Mikhail Malinin

Mikhail Sergeevich Malinin (Russian: Михаи́л Серге́евич Мали́нин; December 28 [O.S. December 16, 1899] 1899 in Polutino, Kostroma Governorate, Russian Empire – 24 January 1960 in Moscow, Soviet Union) was a Soviet general.

Mikhail Sergeevich Malinin
М.С. Малинин.jpg
Colonel general Mikhail Malinin in Poland.
Born(1899-12-28)December 28, 1899
Polutino, Kostroma Governorate, Russian Empire
DiedJanuary 24, 1960(1960-01-24) (aged 60)
Moscow, Soviet Union
Allegiance Soviet Union (1919–1960)
Years of service1919–1960
RankArmy General
Commands heldChief of Staff of the Central Front
Battles/warsRussian Civil War
Soviet-Finnish War
World War II
AwardsHero of the Soviet Union
Distinguished Service Order
Knight Commander of the Order of the British Empire


Early yearsEdit

Mikhail Malinin was born in 1899 in the Kostroma Governorate of the Russian Empire in a peasant family of Russian ethnicity.[1] Originally a village carpenter, Malinin joined the Red Army at 1919 and fought in the Civil War. He graduated from the Moscow 2nd Infantry School at 1922, serving in the Moscow Military District during most of the decade. At 1931, he matriculated from the Frunze Academy and joined the Communist Party. After two years he finished his studies at the Academy of Motorization and Mechanization. Malinin was assigned as an instructor to the Leningrad Armored Forces Commanders' Course at December 1937. He participated in the Soviet-Finnish War as the 9th Army's chief of operations, and was then appointed as the 7th Mechanized Corps' chief of staff, remaining in office until June 1941.[2]

World War IIEdit

When Germany invaded the Soviet Union, Malinin was rushed to the front and posted as Rokossovsky's chief of staff in what remained of the 9th Mechanized Corps. Their unit took part in the Battle of Smolensk.[3] As the 16th Army was reconstructed and Rokossovsky appointed its commander, Malinin followed him, becoming the Army's chief of staff at 19 August 1941.[4]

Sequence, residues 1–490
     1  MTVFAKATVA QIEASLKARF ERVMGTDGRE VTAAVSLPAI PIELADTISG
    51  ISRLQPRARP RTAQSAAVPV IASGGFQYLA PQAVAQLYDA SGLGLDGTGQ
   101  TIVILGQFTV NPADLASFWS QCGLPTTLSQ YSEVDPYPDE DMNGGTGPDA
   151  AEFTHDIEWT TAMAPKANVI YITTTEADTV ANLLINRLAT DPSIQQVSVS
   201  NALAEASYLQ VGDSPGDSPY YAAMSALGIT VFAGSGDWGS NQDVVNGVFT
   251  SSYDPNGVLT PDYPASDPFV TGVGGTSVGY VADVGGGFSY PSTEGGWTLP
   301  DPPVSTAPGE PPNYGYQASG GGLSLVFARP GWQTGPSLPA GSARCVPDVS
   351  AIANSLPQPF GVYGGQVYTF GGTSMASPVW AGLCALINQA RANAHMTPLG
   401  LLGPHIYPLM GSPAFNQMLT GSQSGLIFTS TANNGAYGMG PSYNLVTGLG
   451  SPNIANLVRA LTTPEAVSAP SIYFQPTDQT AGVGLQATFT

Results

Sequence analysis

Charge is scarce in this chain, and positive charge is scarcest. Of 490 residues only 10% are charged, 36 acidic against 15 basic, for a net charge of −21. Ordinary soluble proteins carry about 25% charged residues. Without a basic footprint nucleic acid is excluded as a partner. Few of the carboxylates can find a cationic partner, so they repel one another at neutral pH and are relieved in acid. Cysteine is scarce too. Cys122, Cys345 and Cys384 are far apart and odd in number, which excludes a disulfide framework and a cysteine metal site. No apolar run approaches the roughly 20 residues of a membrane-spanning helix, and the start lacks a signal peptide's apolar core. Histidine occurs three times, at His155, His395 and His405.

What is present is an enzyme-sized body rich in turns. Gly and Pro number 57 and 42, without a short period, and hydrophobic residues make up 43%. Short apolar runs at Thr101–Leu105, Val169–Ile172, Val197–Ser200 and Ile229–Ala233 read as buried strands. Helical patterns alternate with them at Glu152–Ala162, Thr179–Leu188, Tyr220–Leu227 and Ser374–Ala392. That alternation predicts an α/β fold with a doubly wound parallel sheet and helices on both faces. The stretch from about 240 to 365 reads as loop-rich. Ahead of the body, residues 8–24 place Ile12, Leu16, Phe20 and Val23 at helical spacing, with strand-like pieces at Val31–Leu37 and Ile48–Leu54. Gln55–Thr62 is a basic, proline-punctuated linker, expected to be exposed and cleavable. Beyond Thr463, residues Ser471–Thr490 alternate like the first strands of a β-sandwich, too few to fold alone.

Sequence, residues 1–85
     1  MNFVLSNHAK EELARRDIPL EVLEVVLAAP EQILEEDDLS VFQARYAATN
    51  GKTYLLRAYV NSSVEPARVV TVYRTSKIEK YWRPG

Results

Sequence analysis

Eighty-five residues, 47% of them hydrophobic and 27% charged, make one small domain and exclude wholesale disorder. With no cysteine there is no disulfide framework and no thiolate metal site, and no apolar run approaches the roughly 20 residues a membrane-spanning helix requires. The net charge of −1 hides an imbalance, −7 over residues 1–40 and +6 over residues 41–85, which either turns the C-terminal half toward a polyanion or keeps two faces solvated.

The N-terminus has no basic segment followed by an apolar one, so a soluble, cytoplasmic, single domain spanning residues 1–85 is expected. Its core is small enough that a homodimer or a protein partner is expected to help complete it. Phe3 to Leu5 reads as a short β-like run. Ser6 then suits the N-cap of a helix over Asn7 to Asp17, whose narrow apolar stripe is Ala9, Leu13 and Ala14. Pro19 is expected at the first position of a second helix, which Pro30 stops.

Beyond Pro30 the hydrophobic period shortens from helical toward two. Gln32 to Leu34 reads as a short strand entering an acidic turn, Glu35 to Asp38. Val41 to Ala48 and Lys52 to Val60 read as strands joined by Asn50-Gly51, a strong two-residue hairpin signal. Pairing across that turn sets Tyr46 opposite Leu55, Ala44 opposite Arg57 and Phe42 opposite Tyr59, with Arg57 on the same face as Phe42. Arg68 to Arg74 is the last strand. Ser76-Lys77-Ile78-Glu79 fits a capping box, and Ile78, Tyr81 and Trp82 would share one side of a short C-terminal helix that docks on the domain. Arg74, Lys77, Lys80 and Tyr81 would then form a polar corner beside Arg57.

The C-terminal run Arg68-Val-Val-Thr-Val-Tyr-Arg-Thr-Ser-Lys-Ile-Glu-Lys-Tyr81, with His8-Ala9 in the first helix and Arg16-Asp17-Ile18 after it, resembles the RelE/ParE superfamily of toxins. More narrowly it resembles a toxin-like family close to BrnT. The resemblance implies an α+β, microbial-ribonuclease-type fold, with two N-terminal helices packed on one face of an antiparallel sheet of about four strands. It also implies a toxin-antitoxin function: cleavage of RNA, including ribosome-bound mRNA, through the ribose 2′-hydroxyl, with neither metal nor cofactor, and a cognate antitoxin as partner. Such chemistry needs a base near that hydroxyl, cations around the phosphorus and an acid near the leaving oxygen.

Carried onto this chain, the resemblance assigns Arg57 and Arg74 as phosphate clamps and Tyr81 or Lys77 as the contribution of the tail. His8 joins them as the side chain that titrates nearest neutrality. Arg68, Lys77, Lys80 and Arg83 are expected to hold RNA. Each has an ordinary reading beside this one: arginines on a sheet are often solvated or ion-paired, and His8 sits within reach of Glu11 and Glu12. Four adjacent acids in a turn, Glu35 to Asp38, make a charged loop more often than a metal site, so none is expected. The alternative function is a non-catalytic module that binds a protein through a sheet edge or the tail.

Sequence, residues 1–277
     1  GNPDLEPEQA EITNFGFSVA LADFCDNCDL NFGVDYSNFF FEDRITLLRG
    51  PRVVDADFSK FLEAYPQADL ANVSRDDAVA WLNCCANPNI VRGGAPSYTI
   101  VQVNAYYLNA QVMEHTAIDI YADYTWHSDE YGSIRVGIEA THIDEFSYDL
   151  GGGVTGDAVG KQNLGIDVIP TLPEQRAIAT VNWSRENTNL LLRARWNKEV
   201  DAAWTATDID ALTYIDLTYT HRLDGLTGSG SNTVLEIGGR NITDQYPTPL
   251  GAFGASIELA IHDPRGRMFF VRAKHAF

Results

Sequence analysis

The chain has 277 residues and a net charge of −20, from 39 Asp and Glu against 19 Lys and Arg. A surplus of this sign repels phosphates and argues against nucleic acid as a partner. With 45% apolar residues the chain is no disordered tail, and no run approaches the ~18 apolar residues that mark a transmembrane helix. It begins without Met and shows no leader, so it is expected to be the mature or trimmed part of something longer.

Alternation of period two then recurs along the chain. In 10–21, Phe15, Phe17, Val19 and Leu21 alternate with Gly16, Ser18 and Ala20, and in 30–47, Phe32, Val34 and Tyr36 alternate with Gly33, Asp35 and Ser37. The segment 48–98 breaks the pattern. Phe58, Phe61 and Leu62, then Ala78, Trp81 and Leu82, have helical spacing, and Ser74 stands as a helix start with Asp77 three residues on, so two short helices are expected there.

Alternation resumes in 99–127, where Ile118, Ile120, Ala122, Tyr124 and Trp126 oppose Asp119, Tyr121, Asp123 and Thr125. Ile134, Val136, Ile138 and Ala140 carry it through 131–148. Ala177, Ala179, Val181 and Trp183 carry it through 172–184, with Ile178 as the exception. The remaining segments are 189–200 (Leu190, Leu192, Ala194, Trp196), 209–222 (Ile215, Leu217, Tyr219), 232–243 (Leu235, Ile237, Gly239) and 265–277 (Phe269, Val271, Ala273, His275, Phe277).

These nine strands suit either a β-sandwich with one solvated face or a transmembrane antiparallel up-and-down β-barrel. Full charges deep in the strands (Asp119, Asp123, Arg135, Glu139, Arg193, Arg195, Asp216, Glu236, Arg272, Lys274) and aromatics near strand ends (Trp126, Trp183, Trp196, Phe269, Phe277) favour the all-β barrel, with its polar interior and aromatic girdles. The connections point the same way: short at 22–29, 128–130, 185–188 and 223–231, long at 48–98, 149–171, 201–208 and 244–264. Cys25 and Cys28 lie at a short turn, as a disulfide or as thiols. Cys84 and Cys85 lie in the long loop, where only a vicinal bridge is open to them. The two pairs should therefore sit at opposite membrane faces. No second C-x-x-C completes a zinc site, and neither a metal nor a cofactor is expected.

He continued in that capacity, under Rokossovsky (and from November 1944, Zhukov), through much of the war: at the Bryansk (Chief of staff: 20.7.42 - 27.9.42), Don (30.9.42 - 15.2.43), Central (15.2.43 - 20.10.43) and Belorussian (20.10.43 - 10.6.45) Fronts.[5] As such, he participated in the Battles of Moscow, Stalingrad, Kursk, Belarus, Poland and Berlin.[6] Malinin was promoted to the rank of Lieutenant General at the 20 December 1942,[7] and to Colonel-General at 18 September 1943.

Post-war careerEdit

On 29 May 1945, Malinin was awarded the title Hero of the Soviet Union (Medal no. 6456). He was the GSFG's chief of staff until 1948, and then the Soviet Army's chief of staff. From 1950 to 1952 he served as the Deputy Chief Inspector and the Chief Inspector of the Army. Then, he rose to be the Soviet Armed Forces' First Deputy Chief of Staff, an office he held until his death.[8] As such, he was involved in the suppression of the 1956 Hungarian uprising.[9] On 3 August 1953, he was promoted to the rank of Army General.[10]

Malinin was also a deputy in the 3rd and 4th convocations of the Supreme Soviet. A candidate to the Central Committee at the years 1952–56, he was elected a member of the Central Auditing Commission.[11]

Honours and awardsEdit


  1. ^ Герои Страны
  2. ^ An article by Vladimir Dainess.
  3. ^ K. Rokossovsky, A Soldier's Duty, chapter 3: On the Yartzevo Height.
  4. ^ An overview Archived 2011-07-22 at the Wayback Machine of the 16th Army.
  5. ^ Mikhail Malinin on the Heroes of the Soviet Union list.
  6. ^ An article at the Russian Army and Navy magazine.
  7. ^ Date of rank here.
  8. ^ Mikhail Malinin Archived 2011-08-23 at the Wayback Machine at the site of the Novodevichye graveyard.
  9. ^ The First Domino ,ISBN 1585442984, page 247.
  10. ^ Mikhail Malinin on Otvoyna.ru.
  11. ^ Mikhail Malinin on Hrono.ru.